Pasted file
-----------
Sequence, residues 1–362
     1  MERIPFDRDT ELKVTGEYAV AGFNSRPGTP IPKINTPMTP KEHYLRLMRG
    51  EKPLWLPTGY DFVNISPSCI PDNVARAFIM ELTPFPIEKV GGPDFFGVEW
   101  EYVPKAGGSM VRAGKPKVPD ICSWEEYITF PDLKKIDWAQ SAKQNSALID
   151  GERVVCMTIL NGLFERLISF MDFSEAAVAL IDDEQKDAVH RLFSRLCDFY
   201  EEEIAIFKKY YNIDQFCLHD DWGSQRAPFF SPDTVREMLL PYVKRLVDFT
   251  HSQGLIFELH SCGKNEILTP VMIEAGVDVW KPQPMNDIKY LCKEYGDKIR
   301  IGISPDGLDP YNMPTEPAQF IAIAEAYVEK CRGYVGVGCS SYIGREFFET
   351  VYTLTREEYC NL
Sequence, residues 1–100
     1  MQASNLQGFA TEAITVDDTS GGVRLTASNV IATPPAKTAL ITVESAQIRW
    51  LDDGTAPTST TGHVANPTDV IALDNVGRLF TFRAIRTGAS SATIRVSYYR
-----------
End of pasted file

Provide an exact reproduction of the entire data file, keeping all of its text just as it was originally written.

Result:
Sequence, residues 1–362
     1  MERIPFDRDT ELKVTGEYAV AGFNSRPGTP IPKINTPMTP KEHYLRLMRG
    51  EKPLWLPTGY DFVNISPSCI PDNVARAFIM ELTPFPIEKV GGPDFFGVEW
   101  EYVPKAGGSM VRAGKPKVPD ICSWEEYITF PDLKKIDWAQ SAKQNSALID
   151  GERVVCMTIL NGLFERLISF MDFSEAAVAL IDDEQKDAVH RLFSRLCDFY
   201  EEEIAIFKKY YNIDQFCLHD DWGSQRAPFF SPDTVREMLL PYVKRLVDFT
   251  HSQGLIFELH SCGKNEILTP VMIEAGVDVW KPQPMNDIKY LCKEYGDKIR
   301  IGISPDGLDP YNMPTEPAQF IAIAEAYVEK CRGYVGVGCS SYIGREFFET
   351  VYTLTREEYC NL
Sequence, residues 1–100
     1  MQASNLQGFA TEAITVDDTS GGVRLTASNV IATPPAKTAL ITVESAQIRW
    51  LDDGTAPTST TGHVANPTDV IALDNVGRLF TFRAIRTGAS SATIRVSYYR